Provenance: The artist Derwent Wise (1933-2003)
Exhibited: Ashmolean Museum, Oxford, The Oxford Barges, May 1956; Bear Lane
Gallery, Oxford, February 1959, no.9; Fry Art Gallery, Kenneth Rowntree, A Centenary Exhibition .
Rowntree's paintings of Oxford Barges were shown at the Ashmoelan Gallery in May 1956. The Oxford Barges. The pictures were commissioned in 1956 by J.M Richards of The Architectural Review, to accompany an article written by Diana Rowntree.
Yet while Rowntree spent much of the war painting relics of older times, he was not simply guided by nostalgia, and seldom edited out the signs of modern life when these occurred, relishing the jolt of anachronism and geometrical order they could bring. He did not pursue primitivism to the extent of breaking the conventions of scale and perspective, and his self-aware innocence should perhaps be attributed rather to a combination of personal preference and belief with a general enthusiasm for the fresh vision of folk art shared by many artist contemporaries.
This affection for innocent decoration played an active role in Rowntree’s work when he painted the Oxford College Barges, originally converted from London Livery Company Thames barges into slightly baroque viewing stations for college ‘bumps’, but by this time rapidly decaying. The paintings were used to illustrate an article by Diana in the Architectural Review in July 1956, arguing for a more sensitive approach to the planning of boathouse buildings along the Isis, and shown at the Ashmolean Museum, helping to stir an effort to save the barges, Alan Powers, Kenneth Rowntree a Centenary Exhibition, p 35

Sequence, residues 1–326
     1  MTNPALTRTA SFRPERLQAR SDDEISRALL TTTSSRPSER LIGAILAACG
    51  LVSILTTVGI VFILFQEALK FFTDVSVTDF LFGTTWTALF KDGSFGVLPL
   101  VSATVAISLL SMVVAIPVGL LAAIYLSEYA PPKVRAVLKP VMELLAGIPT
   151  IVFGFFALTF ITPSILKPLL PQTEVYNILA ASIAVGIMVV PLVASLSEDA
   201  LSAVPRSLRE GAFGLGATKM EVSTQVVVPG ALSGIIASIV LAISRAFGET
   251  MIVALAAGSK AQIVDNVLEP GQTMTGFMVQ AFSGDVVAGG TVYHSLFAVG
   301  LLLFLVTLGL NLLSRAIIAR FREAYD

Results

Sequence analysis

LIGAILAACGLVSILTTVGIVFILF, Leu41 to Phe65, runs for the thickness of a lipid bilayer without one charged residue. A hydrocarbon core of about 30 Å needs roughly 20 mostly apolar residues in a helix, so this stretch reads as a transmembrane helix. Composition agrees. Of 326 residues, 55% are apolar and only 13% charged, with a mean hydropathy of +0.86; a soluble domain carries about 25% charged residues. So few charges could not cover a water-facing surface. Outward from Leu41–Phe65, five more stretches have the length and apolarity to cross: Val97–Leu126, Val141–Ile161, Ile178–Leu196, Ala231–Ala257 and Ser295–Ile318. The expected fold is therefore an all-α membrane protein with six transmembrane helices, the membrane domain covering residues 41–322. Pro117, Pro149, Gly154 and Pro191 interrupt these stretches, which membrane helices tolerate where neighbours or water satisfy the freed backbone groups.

Rowntree designed his own frames, often using, for works on paper, a moulding favoured by Ravilious with a wooden slip. For oil and acrylic paintings he favoured a tray-frame within which images would float over a hessian ground. In a letter to the Tate Gallery Conservation Department (dated 12 March 1985), the artist records that he designed and refinished the surface of his frames many of which were made by Mr Davey, joiner and undertaker of Great Bardfield'. 'The painted slips', he added, 'are part of the original frame'.
Kenneth Rowntree (1915-1997)
Painter, illustrator, artist in collage and murals, draughtsman and teacher, born in Scarborough, Yorkshire. He studied at the Ruskin School of Drawing, Oxford, under Albert Rutherston, 1934–35, and at the Slade under Randolph Schwabe. During World War II he participated in the Pilgrim Trust Recording Britain project and was an Official War Artist. He had his first one-man exhibition at Leicester Galleries in 1946; other one-man shows followed at the Ashmolean Museum, Oxford, Zwemmer Gallery, New Art Centre, and the Laing Art Gallery in Newcastle-upon-Tyne, with a retrospective at Hatton Gallery there in 1980. In 1949 he became a tutor at RCA, a post he held until 1958. In 1959 he became Professor of Fine Arts, University of Newcastle-upon-Tyne, succeeding Lawrence Gowing; he held the position until 1980. In 1992 a touring retrospective was organinsed, starting in Newtown. Group shows included NEAC, AIA and RSW. He became a member of the Society of Mural Painters in 1943, taught mural painting at the Royal College of Art for 10 years from 1948, and received a Ford Foundation Grant to visit America in 1959. In 1948 he illustrated A Prospect of Wales. Murals completed include those for Barclay School, Stevenage, 1946, RMS Orsova and Iberia, 1954, and the British Pavilion at Brussels International Exhibition in 1958. In 1951 he painted murals for the Lion and Unicorn Pavilion at the Festival of Britain. Tate, Victoria & Albert Museum and WAC are among many public owners of his work. Rowntree’s pictures reflect the genial and witty nature of the artist, usually being landscapes and townscapes in which the elements have a toy-like neatness and familiar notations are employed. In the post-war years he also painted a considerable number of abstract (and semi-abstract) works. His work is sometimes signed with just his initials. He lived at Corbridge, Northumberland.
See all works by Kenneth Rowntree